come to think of it, they have every incentive to ask merely on speculation because they may get to drop a political hot potato and lighten their work load at the same time.

          Reply
        • orionATL says:

          thanks, ew.

          i think i’m going to have to start my own chronology –

          one that tracks by category the extraordinary number of posts you put out on this hydra-headed trump story.😯

          Reply
  6. Jenny says:

    Kelly drank the Orange Kool-aid long ago.  He enmeshed himself in the toxic White House when he chose to be part of the maniacal administration.  Kelly created his own reality.

    Reply
  7. Allison Holland says:

    Racists turning on each other.

    Its so sad. Perhaps all the children taken from their parents who must be very cold today as winter winds blow unceasingly through the flaps of their little tents out in the middle of nowhere,’s nowhere. Perhaps they have violins with which to play an exit tune for the  civil rights hater ex A. G.. Actually no, they have no books or instruments for joy or play.

    When a racist hates another racist they pull as many people as they can into their fight.  Our only comfort which is not very comfortable is that in destroying each other their not so secret identities and those pulled into the fray can be more truly revealed.

    I never say chief of staff Kelley.  I always say the racist Kelley.  I never say A.G. Sessions.  I always say civil rights hater Sessions or racist Sessions depending upon whose rights he is boot stomping uponthat day or afternoon, depending.

    I called my senators today to ask about viewpoints on Whitaker. They are going to get back to me. The hope I have is that the rot in the whitehouse and its staunch supporters like my two senators is that it is dry rot; which crumbles due to a sincere lack of structural integrity. Holes left in the middle and around the edges as pieces flick off and drop out of sight. I havent seen the traitor Manafort lately, poor man without his hair dye and gout i hear. He is rotting. Where there is no light there is just the crumbling like burnt toast. When i burn toast i use it as compost. I believe and I hope that the thoughtful Mueller will have a lovely garden this spring .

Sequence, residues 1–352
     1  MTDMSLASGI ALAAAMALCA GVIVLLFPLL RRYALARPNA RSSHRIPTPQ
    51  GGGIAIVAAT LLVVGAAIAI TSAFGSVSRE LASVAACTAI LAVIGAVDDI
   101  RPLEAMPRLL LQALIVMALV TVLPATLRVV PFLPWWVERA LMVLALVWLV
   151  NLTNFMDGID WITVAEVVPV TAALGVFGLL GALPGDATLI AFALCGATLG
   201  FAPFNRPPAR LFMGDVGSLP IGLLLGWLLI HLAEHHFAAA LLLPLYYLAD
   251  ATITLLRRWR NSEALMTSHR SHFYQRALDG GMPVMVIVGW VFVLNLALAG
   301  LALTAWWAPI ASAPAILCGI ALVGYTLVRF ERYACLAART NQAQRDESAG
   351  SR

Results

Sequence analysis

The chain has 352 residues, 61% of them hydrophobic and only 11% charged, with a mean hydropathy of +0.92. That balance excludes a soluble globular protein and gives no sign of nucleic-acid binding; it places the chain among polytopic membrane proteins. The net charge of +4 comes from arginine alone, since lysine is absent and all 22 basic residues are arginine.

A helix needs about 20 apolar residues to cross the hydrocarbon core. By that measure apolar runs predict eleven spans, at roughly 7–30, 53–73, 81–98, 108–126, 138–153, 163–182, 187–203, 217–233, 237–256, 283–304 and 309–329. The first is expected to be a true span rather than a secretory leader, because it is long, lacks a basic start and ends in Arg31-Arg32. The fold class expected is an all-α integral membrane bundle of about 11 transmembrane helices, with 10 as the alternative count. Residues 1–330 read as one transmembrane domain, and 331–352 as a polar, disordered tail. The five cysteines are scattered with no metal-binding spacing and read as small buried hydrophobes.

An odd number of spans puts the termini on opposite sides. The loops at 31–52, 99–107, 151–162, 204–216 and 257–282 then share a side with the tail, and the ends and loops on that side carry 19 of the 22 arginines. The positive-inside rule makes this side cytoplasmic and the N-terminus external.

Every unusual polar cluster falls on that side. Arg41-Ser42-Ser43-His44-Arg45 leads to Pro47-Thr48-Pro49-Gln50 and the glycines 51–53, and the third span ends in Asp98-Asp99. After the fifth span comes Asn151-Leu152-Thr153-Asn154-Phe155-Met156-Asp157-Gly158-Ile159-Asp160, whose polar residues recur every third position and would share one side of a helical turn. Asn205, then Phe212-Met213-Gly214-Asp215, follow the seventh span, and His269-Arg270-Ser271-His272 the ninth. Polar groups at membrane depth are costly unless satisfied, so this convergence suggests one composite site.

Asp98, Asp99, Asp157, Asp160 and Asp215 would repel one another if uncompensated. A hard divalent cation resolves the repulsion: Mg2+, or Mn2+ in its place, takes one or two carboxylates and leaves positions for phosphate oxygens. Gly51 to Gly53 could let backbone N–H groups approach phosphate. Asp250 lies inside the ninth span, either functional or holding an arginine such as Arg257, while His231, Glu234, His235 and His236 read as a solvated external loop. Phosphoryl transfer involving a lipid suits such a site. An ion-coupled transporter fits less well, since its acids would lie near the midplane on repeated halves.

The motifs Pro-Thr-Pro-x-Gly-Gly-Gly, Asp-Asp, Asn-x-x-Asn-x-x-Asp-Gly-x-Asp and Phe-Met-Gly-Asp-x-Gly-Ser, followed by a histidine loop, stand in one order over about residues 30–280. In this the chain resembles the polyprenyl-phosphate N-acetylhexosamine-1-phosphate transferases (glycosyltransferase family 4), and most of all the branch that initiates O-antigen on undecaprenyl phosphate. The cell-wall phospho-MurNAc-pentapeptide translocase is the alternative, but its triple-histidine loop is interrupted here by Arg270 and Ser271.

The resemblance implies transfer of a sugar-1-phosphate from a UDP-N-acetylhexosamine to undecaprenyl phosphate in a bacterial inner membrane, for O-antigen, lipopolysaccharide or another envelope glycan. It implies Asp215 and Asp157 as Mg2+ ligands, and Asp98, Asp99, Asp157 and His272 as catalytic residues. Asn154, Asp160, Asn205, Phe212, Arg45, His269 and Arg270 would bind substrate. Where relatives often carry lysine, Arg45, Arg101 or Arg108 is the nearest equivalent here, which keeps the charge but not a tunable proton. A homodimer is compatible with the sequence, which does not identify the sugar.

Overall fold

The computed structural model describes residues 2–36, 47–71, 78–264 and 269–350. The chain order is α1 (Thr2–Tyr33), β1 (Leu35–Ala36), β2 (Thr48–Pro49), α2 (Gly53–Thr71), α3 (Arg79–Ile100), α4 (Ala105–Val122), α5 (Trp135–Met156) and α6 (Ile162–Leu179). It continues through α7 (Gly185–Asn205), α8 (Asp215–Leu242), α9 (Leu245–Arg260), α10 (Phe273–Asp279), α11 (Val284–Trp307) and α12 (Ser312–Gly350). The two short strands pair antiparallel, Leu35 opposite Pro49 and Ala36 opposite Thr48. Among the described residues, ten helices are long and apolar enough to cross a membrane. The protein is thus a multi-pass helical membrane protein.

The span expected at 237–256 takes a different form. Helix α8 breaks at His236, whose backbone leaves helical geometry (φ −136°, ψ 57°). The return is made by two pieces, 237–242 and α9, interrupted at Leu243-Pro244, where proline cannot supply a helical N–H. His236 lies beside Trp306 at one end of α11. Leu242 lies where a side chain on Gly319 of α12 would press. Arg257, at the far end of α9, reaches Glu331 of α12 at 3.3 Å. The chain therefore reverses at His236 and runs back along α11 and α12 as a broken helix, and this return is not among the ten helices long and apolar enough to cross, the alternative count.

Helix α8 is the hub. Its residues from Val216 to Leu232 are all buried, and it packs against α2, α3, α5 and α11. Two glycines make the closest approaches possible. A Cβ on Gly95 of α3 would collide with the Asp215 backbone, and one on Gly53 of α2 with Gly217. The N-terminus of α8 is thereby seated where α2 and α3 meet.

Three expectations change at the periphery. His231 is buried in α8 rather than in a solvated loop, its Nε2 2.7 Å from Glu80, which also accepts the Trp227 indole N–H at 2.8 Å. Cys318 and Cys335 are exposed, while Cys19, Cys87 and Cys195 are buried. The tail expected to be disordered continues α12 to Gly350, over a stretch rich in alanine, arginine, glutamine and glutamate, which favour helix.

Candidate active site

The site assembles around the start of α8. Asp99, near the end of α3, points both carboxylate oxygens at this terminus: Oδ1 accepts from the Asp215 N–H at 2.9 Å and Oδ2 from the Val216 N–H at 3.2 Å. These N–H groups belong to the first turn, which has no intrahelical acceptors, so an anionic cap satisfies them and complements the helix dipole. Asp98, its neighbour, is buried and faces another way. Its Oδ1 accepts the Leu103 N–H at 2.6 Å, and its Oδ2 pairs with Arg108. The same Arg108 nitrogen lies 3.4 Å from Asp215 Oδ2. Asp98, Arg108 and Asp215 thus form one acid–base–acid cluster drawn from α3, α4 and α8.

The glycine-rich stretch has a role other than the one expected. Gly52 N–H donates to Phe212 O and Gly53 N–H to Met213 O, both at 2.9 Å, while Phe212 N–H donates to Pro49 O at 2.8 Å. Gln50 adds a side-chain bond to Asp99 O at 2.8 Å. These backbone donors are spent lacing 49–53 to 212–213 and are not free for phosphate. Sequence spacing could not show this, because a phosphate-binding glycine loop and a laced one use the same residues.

Reply
  8. Eureka says:

    Back when the NYT Anonymous op-ed came out, my first instinct had been that Kelly (or an approved Kelly staffer) was the author. I could be totally wrong, but I am trying to wrap all this ^ around all that…

    Reply
  9. Mo says:

    The country is in a CONSTITUTIONAL CRISIS!

    People need to care about what is going on!

    U.S.A. is a great country, but the country WILL end up with a dictatorship if the people don’t do something!

    Reply
  10. oldoilfieldhand says:

    Where were you on Thursday @ 5:00 P.M.? I was in front of the local courthouse, with like minded patriot citizens of this potentially great country who are woke and worried about the gaslighting of Democracy. We were united, all vocally and visually expressing our right to disagree with the selection of Whittaker as the Acting Attorney General. My only regret is that I forgot the pot and wooden spoon that Digby recommended we all put in the trunk of our car for VOLUME!

    Reply
  11. Raven Eye says:

    BLUF: If Trump initiated acts that (for example) are later determined to have obstructed justice, can Kelly immunize his participation by claiming he was “just following orders”?

    Reply